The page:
The Laser Doppler Flowmeter (LDF; OMEGA FLOW FLO-C1 BV, OMEGAWAVE, Tokyo, Japan) was used to measure surface blood flow in the bladder; once before HoLEP and once in the interval between 3 and 6 months after HoLEP. The LDF uses a beam of low intensity monochromatic infrared light that is emitted from a laser diode within the flowmeter. The diode is able to measure the real-time micro-perfusion rate in tissue at a depth of 1 mm (Fig 1A). The beam travels through a 0.5 mm semiconductor laser probe in a cystoscope, the end of which illuminates the tissue under study. A fraction of the light beam is reflected by the moving red blood cells within the tissue and undergoes a frequency shift due to Doppler effect that is proportional to the average red cell velocity. The reflected signal is processed in real time to give a measurement of tissue perfusion. The probe was placed a few mm away from the bladder mucosa of the trigone while the bladder was filled with 150 ml of saline at room temperature (Fig 1B). A laser probe in the cystoscope measures the micro-perfusion of the bladder mucosa without touching the mucosa. Measurements were taken of the trigone as well as of the left and right lateral wall of the bladder.
1A: LDF employs a beam of low intensity monochromatic infrared light emitted from a laser diode within the flowmeter to measure the real-time micro-perfusion rate at tissue depths of 1 mm. B: The probe is placed a few mm away from the bladder mucosa while the bladder is filled with 150 ml saline at room temperature.
The data were analyzed by the Wilcoxon Signed rank-test, Dunnet’s test, Student’s t-test and presented as median (range) and mean ± the standard error of the mean (SEM). Multiple regression analysis was performed to develop a model for predicting improvement of storage symptoms. The regression models were constructed with age, enucleated prostate volume, increased bladder perfusion rate, change of postvoid residual, and baseline OABSS. For all statistical comparisons, significance was defined as p<0.05.
Seventy-four consecutive patients (median age 69 years, range; 53–88) who underwent HoLEP at our institution were included in this study. The clinical characteristics of this patient group are shown in Table 1. None of the patients required blood transfusions, and no hyponatremia was found in any patient during or after the operation.
Table 2 shows the results of clinical assessment performed 6 months after HoLEP. Subjective symptoms, including IPSS, QOL score, and OABSS, all improved significantly from baseline after HoLEP. Longitudinal outcomes of IPSS, QOL scores, and OABSS are shown in Fig 2A, 2B and 2C. Objective parameters were also significantly improved as evidenced by the maximum flow rate, voided volume, and postvoid residual urine volume after surgery. The surface blood flow increased significantly after surgery in all regions of the bladder. Specifically, surface blood flow increased from 8.07±0.62 ml/sec to 14.90±0.86 ml/sec in the left wall, from 8.78±0.74 ml/sec to 13.40±0.85 ml/sec in the right wall, and from 9.57±0.83 ml/sec to 17.60±1.08 ml/sec at the trigone (mean±SEM). (Fig 3) The measured surface blood flow in the bladder trigone was used for the further analysis.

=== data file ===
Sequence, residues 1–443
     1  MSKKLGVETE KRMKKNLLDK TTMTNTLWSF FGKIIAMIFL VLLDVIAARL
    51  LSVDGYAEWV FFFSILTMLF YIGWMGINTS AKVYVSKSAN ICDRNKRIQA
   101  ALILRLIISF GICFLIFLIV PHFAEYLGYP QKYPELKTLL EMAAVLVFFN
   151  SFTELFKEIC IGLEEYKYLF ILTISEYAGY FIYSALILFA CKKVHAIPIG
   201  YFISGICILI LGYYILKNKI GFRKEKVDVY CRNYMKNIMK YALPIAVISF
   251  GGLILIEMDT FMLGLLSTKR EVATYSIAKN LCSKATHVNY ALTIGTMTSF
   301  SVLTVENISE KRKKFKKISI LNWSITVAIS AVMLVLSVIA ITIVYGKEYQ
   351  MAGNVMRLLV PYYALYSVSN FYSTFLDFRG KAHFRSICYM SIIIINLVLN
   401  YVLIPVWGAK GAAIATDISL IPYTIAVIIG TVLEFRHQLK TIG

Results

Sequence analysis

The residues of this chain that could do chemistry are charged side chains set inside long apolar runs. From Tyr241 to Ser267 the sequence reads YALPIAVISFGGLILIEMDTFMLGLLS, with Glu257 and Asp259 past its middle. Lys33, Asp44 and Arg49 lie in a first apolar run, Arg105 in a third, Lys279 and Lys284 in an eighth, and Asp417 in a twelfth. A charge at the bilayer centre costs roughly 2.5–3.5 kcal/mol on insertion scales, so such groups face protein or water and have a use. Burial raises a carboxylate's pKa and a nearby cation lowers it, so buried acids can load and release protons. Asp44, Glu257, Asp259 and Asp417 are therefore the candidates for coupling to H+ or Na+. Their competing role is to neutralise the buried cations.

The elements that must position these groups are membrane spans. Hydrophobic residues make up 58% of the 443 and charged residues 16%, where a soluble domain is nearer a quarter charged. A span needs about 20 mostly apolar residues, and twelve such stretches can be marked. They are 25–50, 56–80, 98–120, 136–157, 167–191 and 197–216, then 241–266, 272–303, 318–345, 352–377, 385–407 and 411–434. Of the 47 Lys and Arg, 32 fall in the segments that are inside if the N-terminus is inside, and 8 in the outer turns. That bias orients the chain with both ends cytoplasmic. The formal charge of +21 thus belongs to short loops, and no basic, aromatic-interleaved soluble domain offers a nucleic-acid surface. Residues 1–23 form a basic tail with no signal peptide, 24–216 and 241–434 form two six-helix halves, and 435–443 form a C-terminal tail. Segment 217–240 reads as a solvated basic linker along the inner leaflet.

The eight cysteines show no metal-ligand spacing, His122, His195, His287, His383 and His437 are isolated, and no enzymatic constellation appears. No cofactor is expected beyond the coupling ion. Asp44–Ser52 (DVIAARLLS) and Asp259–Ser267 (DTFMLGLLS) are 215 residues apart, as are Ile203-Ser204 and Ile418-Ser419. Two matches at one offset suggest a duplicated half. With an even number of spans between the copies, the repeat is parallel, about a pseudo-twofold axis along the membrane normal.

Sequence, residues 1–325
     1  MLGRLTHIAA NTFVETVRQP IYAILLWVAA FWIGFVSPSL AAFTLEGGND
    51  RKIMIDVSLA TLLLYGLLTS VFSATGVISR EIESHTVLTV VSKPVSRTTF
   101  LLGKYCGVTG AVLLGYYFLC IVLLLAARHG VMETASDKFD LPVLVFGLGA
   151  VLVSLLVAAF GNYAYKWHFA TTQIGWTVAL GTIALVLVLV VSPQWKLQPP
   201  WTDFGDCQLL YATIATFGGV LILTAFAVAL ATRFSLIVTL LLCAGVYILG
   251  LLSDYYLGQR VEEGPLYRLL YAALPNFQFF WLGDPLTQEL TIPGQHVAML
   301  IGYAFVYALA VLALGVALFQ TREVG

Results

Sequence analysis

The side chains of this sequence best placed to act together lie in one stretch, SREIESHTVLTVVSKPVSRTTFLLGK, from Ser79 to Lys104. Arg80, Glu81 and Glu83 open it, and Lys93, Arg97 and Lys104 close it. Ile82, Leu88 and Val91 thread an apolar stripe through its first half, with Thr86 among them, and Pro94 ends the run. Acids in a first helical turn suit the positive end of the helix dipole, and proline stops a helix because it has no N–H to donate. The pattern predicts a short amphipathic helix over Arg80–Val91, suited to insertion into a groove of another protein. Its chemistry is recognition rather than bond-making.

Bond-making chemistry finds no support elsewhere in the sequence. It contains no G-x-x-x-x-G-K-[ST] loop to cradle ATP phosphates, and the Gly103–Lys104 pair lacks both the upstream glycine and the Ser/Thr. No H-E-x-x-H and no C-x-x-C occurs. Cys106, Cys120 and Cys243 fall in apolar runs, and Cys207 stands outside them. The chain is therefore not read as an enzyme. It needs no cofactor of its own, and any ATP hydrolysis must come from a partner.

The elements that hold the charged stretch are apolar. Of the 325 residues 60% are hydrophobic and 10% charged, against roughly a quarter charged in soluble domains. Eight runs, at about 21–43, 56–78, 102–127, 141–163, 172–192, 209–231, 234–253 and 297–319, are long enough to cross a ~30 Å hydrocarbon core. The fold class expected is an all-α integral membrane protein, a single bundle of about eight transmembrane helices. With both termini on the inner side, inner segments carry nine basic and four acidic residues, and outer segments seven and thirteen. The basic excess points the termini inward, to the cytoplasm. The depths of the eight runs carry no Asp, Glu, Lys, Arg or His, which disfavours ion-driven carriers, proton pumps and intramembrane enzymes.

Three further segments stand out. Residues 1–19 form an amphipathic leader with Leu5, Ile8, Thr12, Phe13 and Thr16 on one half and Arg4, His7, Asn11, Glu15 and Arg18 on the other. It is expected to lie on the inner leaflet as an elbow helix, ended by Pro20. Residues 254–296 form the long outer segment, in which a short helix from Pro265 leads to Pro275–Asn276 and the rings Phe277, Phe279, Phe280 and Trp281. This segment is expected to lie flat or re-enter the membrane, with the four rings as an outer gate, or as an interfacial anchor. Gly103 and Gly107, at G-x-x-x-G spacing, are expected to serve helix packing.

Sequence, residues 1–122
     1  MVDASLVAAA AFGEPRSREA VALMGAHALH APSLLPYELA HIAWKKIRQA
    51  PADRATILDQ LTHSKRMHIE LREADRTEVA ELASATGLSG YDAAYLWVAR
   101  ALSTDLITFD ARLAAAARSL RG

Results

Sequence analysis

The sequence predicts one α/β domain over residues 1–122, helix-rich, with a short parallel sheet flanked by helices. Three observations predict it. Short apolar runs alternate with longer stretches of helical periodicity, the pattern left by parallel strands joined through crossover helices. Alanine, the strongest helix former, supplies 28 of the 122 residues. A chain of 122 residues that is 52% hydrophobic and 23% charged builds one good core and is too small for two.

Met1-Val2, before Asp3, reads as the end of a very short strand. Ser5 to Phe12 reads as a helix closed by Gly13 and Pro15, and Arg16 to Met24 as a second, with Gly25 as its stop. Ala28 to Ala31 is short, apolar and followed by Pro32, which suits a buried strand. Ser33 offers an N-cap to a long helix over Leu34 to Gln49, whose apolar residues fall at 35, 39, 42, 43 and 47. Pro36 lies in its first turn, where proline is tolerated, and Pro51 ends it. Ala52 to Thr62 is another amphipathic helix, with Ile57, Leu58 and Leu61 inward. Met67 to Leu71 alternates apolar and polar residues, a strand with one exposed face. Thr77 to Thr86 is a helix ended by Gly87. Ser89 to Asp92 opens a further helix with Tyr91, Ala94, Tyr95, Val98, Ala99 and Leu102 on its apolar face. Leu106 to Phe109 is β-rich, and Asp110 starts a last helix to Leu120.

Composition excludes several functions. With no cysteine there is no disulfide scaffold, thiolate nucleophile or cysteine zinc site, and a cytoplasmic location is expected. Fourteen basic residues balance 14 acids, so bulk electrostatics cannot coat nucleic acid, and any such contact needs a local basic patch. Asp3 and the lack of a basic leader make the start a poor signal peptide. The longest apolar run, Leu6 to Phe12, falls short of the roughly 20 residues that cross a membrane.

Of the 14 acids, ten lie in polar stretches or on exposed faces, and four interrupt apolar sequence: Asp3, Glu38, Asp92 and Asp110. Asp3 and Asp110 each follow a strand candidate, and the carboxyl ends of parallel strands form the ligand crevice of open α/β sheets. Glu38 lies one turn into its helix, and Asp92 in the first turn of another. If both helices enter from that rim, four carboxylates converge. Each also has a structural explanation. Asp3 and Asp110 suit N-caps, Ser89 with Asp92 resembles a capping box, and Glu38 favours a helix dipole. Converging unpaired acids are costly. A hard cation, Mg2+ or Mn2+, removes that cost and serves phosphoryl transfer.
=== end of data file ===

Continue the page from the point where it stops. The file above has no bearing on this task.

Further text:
There was significant improvement 1 week after surgery (*: p<0.05 Dunnett's test, compared with baseline). Note that the improvement of the OABSS is slower than the IPSS score.
Every region of the bladder including left wall, right wall, and bladder trigone showed a significant increase in blood flow as measured by LDF. *: p<0.001 Student’s t-test
Multiple regression analysis eliminated all explanatory variables except for the effect of increased bladder perfusion on storage symptoms (Table 3). In 48 of 74 cases, bladder perfusion was significantly increased (7.64 vs. 20.01 ml/sec at the bladder trigone) based on measurements taken before and after HoLEP (p<0.001). The change was less than 5% in the remaining 26 patients (12.30 vs. 12.64, p = 0.495). In the group with increased blood flow after HoLEP, the voided volume measured by uroflowmetry was significantly increased (91 vs. 177.5, p<0.0001, Fig 4), and the improvement of storage symptom scores in both the IPSS and OABSS was also significant (IPSS 85.4% vs. 57.7%, p<0.0001, OABSS 58.3% vs. 34.6%, p<0.0001, Fig 5A and 5B). However, for the group that did not show an increase of bladder blood flow, there was no change in voided volume, storage symptoms, or OABSS.
The change in voided volume is shown before and after surgery for both the increased perfusion group and the no change group. *: p<0.0001 Student’s t-test
(A) shows the improvement rate of storage symptoms in IPSS for both the increased perfusion group and the no change group. (B) shows the improvement rate of OABSS storage symptoms for the increased perfusion group and the no change group.*: p<0.001 Student’s t-test
The current study sought to determine the efficacy of HoLEP on urinary symptoms using the endoscopic laser Doppler flowmeter (LDF) to compare blood perfusion in the bladders of patients with BPH before and after HoLEP. In addition to relief of voiding symptoms, our findings show that HoLEP significantly reduced the severity of storage symptoms in patients undergoing this procedure. Overactivity of detrusor muscle has been identified in approximately 45%–50% of men with bladder outlet obstruction and it has been postulated that detrusor overactivity exacerbates storage symptoms in BPH. The mechanisms thought to be related to this phenomenon are denervation hypersensitivity of the cholinergic receptors (Cannon’s law) in detrusor muscle and/or structural changes resulting from urinary bladder ischemia.  Histological changes in bladder tissue, along with fibrosis and bladder dysfunction, are induced by atherosclerosis in rabbits, and moderate bladder ischemia has been shown to increase detrusor muscle overactivity. Thus, bladder ischemia appears to play a key role in detrusor overactivity.